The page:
Windows 8 tablets: A confusing world for buyers

Summary:Tablets of all kinds running Windows 8 are finally appearing and while choice is normally a good thing for consumers, in this case buyers may be overwhelmed.

Envy tablet
Image credit: James Kendrick/ZDNet

The choice by Microsoft to make Windows 8 an OS for desktops, laptops, and tablets has been cheered by many and jeered at by others. Whatever side of the Windows 8 for every device camp you fall on the fact is that the multi-dimensional OS is here to stay. Microsoft wants everyone to buy Windows 8 tablets and numerous models are starting to hit the market. 

Tablets running Windows 8 come in all sizes and styles, each trying to get consumers to purchase one rather than the competition, iPads and Android tablets. Having choice is always a good thing for prospective buyers but that may not be the case when it comes to tablets running Windows 8.

See related:

Buyers looking for an iPad have a choice of two sizes and that's it. The purchase decision comes down to which size you want, large or small. The decision is easy with storage space the only option other than size. Most buyers don't want integrated LTE and it usually doesn't enter the purchase decision process.

When you buy an iPad or Android tablet you get good hardware that handles all apps nicely. App handling is an uncertainty for Windows tablets due to the variety of hardware inside.

Shoppers wanting an Android tablet have more options but many of them end up getting a Samsung tablet. It's the biggest selling brand in the Android tablet space. Samsung offers several different sizes so once the consumer decides on how big a tablet is desired the purchase decision is straightforward.

Samsung tablets come with different storage sizes and like the iPad that's the only real decision for purchase. Like the iPad, Samsung Galaxy tablets all run good ARM processors and similar hardware components. 

Even the budget Nexus 7 tablet has good hardware inside and buyers don't have to wade through various internal hardware options.

The same is not true for those looking at the Windows 8 tablet. While tablets of different sizes are beginning to appear on the market, size is only one of several choices that may end up confusing prospective buyers. 

The big choice confronting Windows 8 tablets is of course the Windows RT vs Windows 8 option. Buyers will often find Windows RT on the cheapest of the tablets available, due to the ARM processor inside (like the iPad and Android tablets). The fact that legacy Windows apps cannot be installed on Windows RT tablets is another reason these tablets are cheaper than full Windows models. While current advertising leads buyers to believe that Windows RT and Windows 8 are the same, there's a big difference in the two as noted above.

Once the choice to get a tablet with full Windows 8 is made, buyers need to get familiar with the different Intel processors being used before making a purchase. Most of the cheaper tablets have an Atom processor inside, and while that handles common tasks with ease they aren't the best performing choice. Buyers may end up frustrated by lags doing typical tasks like watching video with the Atom.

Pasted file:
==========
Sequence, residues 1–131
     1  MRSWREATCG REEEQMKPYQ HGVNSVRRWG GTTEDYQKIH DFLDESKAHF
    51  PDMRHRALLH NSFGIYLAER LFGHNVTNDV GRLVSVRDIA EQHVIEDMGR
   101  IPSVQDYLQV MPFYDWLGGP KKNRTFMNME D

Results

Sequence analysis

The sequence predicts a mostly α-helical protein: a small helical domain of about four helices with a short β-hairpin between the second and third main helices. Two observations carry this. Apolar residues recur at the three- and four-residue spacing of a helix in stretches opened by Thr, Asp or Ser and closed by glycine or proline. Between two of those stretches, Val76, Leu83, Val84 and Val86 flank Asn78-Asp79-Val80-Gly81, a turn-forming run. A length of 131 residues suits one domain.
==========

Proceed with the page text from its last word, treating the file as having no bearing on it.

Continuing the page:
To get the best performance possible on tablets running Windows 8 buyers need to go with full Intel Core processors. That usually drives the prices up significantly, even double that of the iPad or Android tablet. That choice also hits the battery life hard, dropping it from near all day utility to just four or five hours. That's not even close to what the competition delivers.

It's no wonder that tablet buyers may be confused when it comes to buying a Windows 8 tablet. There are two versions of Windows to choose from along with several different processor options. The choices can overwhelm non-techie buyers, who often end up buying based on price.

In the Windows world low price means inferior processors which translates into low performance. The buyer will likely end up less than thrilled with the tablet for this reason.

So the typical tablet shopper can choose from the iPad, Android tablet, or Windows tablet. The iPad decision just involves a single model making the purchase process simple. The same is basically true for Android tablets as most branded tablets come with a single model. The iPad and Android tablets all have powerful hardware configurations that run all available apps with ease.

That's not the case with Windows tablets. Some run all Windows apps, some don't, and depending on the hardware inside some tablets may not run heavy apps very well if at all. The only tablets that run all Windows apps well are the high-end models that come with prices that are much higher than the competition. It's no wonder tablet buyers seem to be going with the competition much more often than the Windows 8 options.

Topics: Mobility, Tablets, Windows 8

About

James Kendrick has been using mobile devices since they weighed 30 pounds, and has been sharing his insights on mobile technology for almost that long. Prior to joining ZDNet, James was the Founding Editor of jkOnTheRun, a CNET Top 100 Tech Blog that was acquired by GigaOM in 2008 and is now part of that prestigious tech network. James' w... Full Bio

zdnet_core.socialButton.googleLabel Contact Disclosure

Kick off your day with ZDNet's daily email newsletter. It's the freshest tech news and opinion, served hot. Get it.

Related Stories

The best of ZDNet, delivered

You have been successfully signed up. To sign up for more newsletters or to manage your account, visit the Newsletter Subscription Center.
Subscription failed.